Solved! What Is a SEER Rating?

If you're in the market for a new air conditioning unit, get the 411 on these important numbers and how they should factor into your shopping trip.

What is a SEER Rating? Explained!

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Q: My 15-year-old air conditioning unit finally gave up, so I’m in the process of shopping for a new one. I’ve heard that SEER ratings are an important consideration when choosing a new model but the numbers are confusing. What is a SEER rating anyway, and how it can help me get the best air conditioner for my money?

A: An air conditioner is a big-ticket item, so you’re doing the smart thing by finding out all you can before you write that check. The Seasonal Energy Efficiency Ratio (SEER) relates to how much energy—and money—an AC unit will use in operation over the course of one year. The United States Department of Energy (DOE) requires all new air conditioning units to meet minimum efficiency ratings identified by these SEER numbers. And you’ll find many options that go above and beyond those minimums, as manufacturers have made significant advancements in technology and efficiency since your old AC unit was produced.

In short, the number “lets homeowners compare one system to the next and understand which is more efficient,” says Tim Brizendine, Director of Product Management and Cooling at Lennox. To get a better understanding of SEER ratings and why they matter, keep reading; we’ll explain what the numbers mean and how you can make use of that information when choosing your new air conditioning unit.

Air conditioners on the market today range from 13 to 25 SEER. The higher the number, the more efficient the unit—and the more you’ll save on utility bills. The rating itself is determined through calculations of a unit’s average performance—the amount of cooling an AC system puts out per the units of energy it uses to do so—but it’s a pretty simple concept. The less energy used, the higher the SEER rating. “As the number increases, we get a higher efficiency system, which means lower utility bills for the homeowner,” Brizendine explains.

How much you’ll actually save on your utility bills depends on the size (and insulation factor) of your house, how much you pay per kilowatt hour for electricity, the SEER rating of the unit, and what it’s currently costing you to cool your home. You can estimate the savings a new appliance with an improved SEER rating would bring you using one of many online calculators, or you can download a spreadsheet calculator from Energy.gov.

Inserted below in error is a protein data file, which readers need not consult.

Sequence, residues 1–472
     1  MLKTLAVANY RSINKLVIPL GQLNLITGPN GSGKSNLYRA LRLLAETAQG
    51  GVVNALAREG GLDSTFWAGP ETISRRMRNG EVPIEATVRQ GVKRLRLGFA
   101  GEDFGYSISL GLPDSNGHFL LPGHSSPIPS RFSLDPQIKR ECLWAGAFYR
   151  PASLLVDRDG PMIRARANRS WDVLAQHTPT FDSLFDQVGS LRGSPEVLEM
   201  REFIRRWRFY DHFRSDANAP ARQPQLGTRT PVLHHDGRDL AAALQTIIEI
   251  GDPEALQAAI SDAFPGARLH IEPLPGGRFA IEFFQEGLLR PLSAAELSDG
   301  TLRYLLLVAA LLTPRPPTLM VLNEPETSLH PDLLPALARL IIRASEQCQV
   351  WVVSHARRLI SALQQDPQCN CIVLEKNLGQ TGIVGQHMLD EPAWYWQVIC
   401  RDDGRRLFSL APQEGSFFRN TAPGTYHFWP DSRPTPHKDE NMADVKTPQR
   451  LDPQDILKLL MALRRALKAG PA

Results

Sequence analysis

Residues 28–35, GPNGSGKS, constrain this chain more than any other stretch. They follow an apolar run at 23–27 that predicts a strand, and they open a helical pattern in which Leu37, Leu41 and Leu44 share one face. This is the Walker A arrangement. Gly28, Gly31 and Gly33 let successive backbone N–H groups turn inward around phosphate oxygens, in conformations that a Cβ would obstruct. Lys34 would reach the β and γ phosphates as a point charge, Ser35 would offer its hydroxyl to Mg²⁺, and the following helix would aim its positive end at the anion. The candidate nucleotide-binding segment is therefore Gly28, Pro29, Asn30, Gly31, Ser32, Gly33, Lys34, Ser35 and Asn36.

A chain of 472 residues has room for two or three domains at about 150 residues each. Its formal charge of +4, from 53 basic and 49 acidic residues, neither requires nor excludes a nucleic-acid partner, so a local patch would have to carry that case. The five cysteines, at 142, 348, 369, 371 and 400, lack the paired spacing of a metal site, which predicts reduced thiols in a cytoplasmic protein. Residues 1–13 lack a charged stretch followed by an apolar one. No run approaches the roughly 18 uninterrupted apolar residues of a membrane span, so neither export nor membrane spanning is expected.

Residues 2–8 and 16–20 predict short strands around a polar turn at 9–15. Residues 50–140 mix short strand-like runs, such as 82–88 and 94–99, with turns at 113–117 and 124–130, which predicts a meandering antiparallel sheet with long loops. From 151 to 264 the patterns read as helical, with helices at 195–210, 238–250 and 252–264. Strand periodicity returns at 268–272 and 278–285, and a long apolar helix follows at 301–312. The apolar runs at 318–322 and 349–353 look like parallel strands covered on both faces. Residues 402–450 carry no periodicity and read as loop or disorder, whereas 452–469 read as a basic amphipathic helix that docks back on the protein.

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What is a SEER Rating? AC Efficiency Explained

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In 2006, the DOE began requiring all newly installed central AC units to have a minimum SEER of 13. Units manufactured in previous years were often energy hogs—many with SEER ratings as low as 6. The average central AC unit sold today has a SEER rating between 15 and 18, but higher efficiency models are available that come with numbers in the mid-20s.

As of 2015, where you live affects the minimum-required SEER rating. That year, the minimum SEER was raised to 14 for people living in the southeastern and southwestern states, including Alabama, Arkansas, Arizona, California, Delaware, Florida, Georgia, Hawaii, Kentucky, Louisiana, Maryland, Mississippi, New Mexico, Nevada, North Carolina, Oklahoma, South Carolina, Tennessee, Texas, and Virginia. Because these states have the hottest summer climates, the DOE determined that an increase in the minimum SEER would save energy.

Those not living in the states listed above may still have SEER 13 units installed. Northern states were not included in the increased minimum because where summers are cooler, homeowners use their air conditioners less often so there’s less need for high efficiency. Talk to your local HVAC contractor, however; just because you don’t live in the warmest states doesn’t mean you won’t still benefit from a SEER higher than 13. Some regions not included in above states still get swelteringly hot in the summer, and oftentimes homeowners can benefit from a more efficient unit.

The higher the SEER rating, the more you’ll pay for your new AC unit. High efficiency comes at a price. “Higher technology—and higher performing equipment—offers better temperature control and better comfort level,” Brizendine says, but the advanced technology that goes into producing AC units with higher SEER ratings also increases their cost. For example, depending on the size of your home, choosing a 17 SEER unit over a 15 SEER unit could add $1,500 to $2,500 to the purchase price. Recognizing this, many air conditioning manufacturers—Lennox included—produce high-efficiency models alongside models in the minimum SEER range, and options at every level in between, “to meet budget requirements for everybody,” Brizendine tells us.

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The SEER rating isn’t the only factor to consider when choosing a new AC unit. Your HVAC contractor (installing a new AC until is not a DIY project) will first determine the optimal size of the new AC unit. Once you know the size you’ll need, you can select your new AC unit, keeping in mind that the higher the SEER, the more efficient it will be. For most homeowners, opting for a unit with a SEER between 15 and 18 is a good choice because it’s a balance between the money you’ll spend for the unit and the amount you’ll save on utility costs.